LIDT wavelength-scaling rule of thumb shown to be inaccurate

Aug. 6, 2015
Engineers at Quantel USA set out to measure the laser-induced damage threshold (LIDT) of a substrate at different wavelengths.

Optical catalogs often specify the laser-damage threshold of an optic at only one or two wavelengths. This raises the question: What is the laser-induced damage threshold (LIDT) of that optic at other wavelengths? One rule of thumb that has been proposed is that the LIDT can be scaled by an inverse square-root relationship with wavelength: for example, a LIDT measured to be 10.0 J/cm2 at 1064 nm would scale to 7.07 J/cm2 at 532 nm.

To determine whether or not this rule of thumb is in fact accurate, engineers at Quantel USA (Bozeman, MT), an independent laser-damage testing facility, set out to measure the LIDT of a substrate at different wavelengths. They chose a sapphire substrate with a diameter large enough to allow multiple LIDT tests to be completed on a single surface. The sapphire, which was coated with a dual-band antireflection coating for 1064 nm and 1574 nm, was then subjected to LIDT measurements at both 1064 nm and 1574 nm (see test parameters in the table).

Damage was defined as any permanent laser-induced change observable at 150X magnification with a Nomarski darkfield microscope. The resultant LIDT at 1064 nm was found to be 6.0 J/cm2 (see figure). Using the wavelength scaling equation above, this would correspond to 7.3 J/cm2 at 1574 nm. In fact, the actual measured LIDT at 1574 nm was 15.4 J/cm2, a factor of two higher that the predicted value. The inverse square root relationship was shown to predict a significantly lower LIDT than the actual measured value by more than a factor of two. The Quantel results show that, when needing to determine the LIDT at various wavelengths, the best approach is to measure the LIDT at the wavelengths of interest.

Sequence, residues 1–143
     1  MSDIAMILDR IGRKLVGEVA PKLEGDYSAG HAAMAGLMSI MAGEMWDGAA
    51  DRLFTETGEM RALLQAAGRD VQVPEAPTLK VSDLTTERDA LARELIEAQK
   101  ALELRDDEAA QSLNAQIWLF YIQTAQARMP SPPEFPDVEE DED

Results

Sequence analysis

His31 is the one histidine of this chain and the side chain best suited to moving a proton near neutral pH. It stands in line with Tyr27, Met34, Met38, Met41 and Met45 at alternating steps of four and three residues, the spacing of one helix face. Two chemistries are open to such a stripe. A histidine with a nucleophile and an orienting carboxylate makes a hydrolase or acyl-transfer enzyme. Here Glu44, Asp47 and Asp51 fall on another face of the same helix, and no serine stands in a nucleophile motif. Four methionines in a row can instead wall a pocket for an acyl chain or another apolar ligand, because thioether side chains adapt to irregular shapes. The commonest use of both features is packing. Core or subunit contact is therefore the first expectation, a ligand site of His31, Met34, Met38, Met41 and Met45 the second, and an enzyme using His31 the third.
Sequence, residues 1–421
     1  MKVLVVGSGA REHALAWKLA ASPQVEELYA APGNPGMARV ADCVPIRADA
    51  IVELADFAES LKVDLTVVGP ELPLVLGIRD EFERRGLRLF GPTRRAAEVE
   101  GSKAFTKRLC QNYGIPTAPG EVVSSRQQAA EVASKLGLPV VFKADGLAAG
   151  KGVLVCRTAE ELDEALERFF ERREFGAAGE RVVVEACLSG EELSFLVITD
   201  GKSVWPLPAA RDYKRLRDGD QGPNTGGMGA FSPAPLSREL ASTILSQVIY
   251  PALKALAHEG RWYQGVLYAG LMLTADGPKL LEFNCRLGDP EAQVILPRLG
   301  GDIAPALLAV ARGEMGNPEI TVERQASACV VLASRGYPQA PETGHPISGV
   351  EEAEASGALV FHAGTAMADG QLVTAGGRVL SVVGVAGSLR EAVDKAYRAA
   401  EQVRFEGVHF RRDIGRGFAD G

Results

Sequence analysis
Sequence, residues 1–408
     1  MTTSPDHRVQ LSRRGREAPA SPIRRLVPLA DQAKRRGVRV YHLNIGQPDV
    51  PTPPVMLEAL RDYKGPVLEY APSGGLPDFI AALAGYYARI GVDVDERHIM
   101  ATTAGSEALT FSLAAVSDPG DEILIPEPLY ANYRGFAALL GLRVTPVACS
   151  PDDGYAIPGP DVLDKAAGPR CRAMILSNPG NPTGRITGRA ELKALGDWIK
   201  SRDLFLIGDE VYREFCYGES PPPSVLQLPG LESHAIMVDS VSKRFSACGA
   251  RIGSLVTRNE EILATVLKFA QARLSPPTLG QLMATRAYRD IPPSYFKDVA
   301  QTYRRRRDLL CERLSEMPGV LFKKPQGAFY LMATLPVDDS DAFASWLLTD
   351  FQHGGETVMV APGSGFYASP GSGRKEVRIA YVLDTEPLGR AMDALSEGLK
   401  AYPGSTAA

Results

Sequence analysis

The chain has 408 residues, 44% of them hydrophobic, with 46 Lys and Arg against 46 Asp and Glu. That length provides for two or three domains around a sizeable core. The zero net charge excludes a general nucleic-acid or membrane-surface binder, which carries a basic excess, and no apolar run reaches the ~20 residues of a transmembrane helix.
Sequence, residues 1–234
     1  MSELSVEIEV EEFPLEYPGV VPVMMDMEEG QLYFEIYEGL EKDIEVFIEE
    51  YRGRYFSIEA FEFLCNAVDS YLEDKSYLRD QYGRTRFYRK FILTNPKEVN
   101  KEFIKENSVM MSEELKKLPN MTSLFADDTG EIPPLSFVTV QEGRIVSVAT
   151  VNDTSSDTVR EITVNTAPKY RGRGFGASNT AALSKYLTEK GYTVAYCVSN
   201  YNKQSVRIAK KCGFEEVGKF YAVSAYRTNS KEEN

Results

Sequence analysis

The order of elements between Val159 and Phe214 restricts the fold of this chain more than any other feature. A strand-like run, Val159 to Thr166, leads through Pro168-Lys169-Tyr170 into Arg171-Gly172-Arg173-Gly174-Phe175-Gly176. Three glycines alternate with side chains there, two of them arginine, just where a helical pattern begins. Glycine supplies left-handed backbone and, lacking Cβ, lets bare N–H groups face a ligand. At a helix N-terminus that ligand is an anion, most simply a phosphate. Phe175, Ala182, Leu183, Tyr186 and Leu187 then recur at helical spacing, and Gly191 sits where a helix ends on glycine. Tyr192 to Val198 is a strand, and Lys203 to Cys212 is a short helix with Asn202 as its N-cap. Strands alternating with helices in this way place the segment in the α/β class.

Contact Jason Yager at [email protected].

About the Author

John Wallace | Senior Technical Editor (1998-2022)

John Wallace was with Laser Focus World for nearly 25 years, retiring in late June 2022. He obtained a bachelor's degree in mechanical engineering and physics at Rutgers University and a master's in optical engineering at the University of Rochester. Before becoming an editor, John worked as an engineer at RCA, Exxon, Eastman Kodak, and GCA Corporation.

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